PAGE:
“The real story here isn’t about society scandal. It’s about reaching the summit–achieving a dream–the good, old-fashioned New York way: by any means necessary.”
The Overnight Socialite starts with the glittering backdrop of New York City, speckled with ladies who lunch, trust fund twenty-somethings with outrageously big personalities, and charity galas galore. Add in a few classic characters and you have yourself a twenty-first century story of unlikely love.
The leading lady in this tale is Lucy Ellis, a Manhattan transplant who has big dreams of making it as a fashion designer, but toils away on the assembly line of a Garment District sweat shop.
“It’s a law of New York City: no matter how much money you’re making, you’re surrounded by people making more.”
Enter Wyatt Hayes IV, charming, spoiled, and need I say bored out of his mind anthropologist who has just dumped Manhattan’s leading Queen Bee socialite, Cornelia Rockman for being too superficial (gasp!), and makes a bet with his BFF and multi-millionaire (but of course), Trip, that he can turn any ordinary girl on the streets of Manhattan into the next It-girl (social experiment disaster waiting to happen?), and voila!
Right at the moment he makes this bet, Wyatt runs into Lucy on a rain soaked Park Avenue right after she’s fired from her job, and promises that if she go along with his little experiment, he’ll connect her with fashion industry insiders to make her designer dreams come true. Tiny little thing he leaves out: that he’ll be writing about her transformation in his latest social experiment anthropology book, appropriately titled “The Overnight Socialite.”
“Of all the wildlife I’ve observed–and my fieldwork has taken me to every continent–the most bizarre creatures on the planet are socialites on the Upper East Side.”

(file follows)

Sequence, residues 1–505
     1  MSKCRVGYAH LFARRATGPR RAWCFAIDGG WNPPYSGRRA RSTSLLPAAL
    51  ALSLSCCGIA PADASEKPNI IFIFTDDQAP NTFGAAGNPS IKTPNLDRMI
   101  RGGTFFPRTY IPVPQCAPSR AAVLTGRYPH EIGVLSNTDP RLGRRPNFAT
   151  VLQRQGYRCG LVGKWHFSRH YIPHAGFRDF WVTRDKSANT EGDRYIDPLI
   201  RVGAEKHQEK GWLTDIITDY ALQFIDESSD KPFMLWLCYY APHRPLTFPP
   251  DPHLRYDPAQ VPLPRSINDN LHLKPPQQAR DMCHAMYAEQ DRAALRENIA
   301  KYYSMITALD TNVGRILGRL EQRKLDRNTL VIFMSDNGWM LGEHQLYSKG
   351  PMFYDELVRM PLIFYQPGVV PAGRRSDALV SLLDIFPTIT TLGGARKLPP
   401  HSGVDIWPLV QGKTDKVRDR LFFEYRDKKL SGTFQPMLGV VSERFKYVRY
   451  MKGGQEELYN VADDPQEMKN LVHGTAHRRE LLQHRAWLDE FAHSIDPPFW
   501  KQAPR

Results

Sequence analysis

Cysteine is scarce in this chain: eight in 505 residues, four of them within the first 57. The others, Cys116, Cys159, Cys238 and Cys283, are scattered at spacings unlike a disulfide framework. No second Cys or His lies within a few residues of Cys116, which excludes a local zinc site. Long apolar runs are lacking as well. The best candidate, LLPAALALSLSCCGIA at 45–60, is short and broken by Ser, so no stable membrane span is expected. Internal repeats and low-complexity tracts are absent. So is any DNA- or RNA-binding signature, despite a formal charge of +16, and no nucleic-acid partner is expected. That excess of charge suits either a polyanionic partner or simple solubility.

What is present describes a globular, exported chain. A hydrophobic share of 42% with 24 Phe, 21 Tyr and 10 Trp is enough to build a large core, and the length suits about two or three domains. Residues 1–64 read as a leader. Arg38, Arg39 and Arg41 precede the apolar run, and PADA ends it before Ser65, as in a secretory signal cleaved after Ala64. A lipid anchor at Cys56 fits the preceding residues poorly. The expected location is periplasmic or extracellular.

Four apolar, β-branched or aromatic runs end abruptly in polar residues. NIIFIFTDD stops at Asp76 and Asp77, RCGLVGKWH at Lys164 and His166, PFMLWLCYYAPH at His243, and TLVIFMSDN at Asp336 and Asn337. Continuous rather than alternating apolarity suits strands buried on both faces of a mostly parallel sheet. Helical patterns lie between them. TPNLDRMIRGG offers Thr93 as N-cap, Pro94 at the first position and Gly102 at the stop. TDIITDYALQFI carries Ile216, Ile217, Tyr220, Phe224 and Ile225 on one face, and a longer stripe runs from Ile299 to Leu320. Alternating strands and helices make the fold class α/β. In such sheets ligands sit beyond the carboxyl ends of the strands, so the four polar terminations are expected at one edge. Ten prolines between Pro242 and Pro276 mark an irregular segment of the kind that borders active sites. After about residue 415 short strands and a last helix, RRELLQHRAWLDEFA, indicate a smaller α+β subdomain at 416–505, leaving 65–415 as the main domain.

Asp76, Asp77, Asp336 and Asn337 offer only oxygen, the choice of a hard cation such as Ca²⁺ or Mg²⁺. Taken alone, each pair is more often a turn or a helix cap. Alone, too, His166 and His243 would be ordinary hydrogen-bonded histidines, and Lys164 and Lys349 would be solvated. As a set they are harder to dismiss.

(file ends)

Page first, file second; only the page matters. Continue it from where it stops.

Going back to my opening, this is a fun, light-hearted, guilty pleasure kinda read that would make a fabulous companion on your beach blanket this summer! From Loubies to Manolos to Chanel-everything, there’s brand dropping galore, accompanied by all the swanky spots these $700+ shoes are worn to ($12 cup of coffee at Nello’s, anyone?)
I appreciated how the story’s supporting characters were fresh and funny, and how the ending of the book is not at all what one would expect, especially given that the chick-lit genre is usually happily ever after, no exceptions made. This story ends happily, just not in the ways you would expect. And for that, Bridie Clark has made a loyal reader out of me.
Have you read The Overnight Socialite? What did you think? We’d love to hear your thoughts in the comment section below!
For next month, we’ll be reading Low Life: Lures and Snares of Old New York by Luc Sante, so download, buy, or check it out from your local library now! You absolutely don’t have to be based out of NYC to participate…in fact, the more variety we have in voices, the better!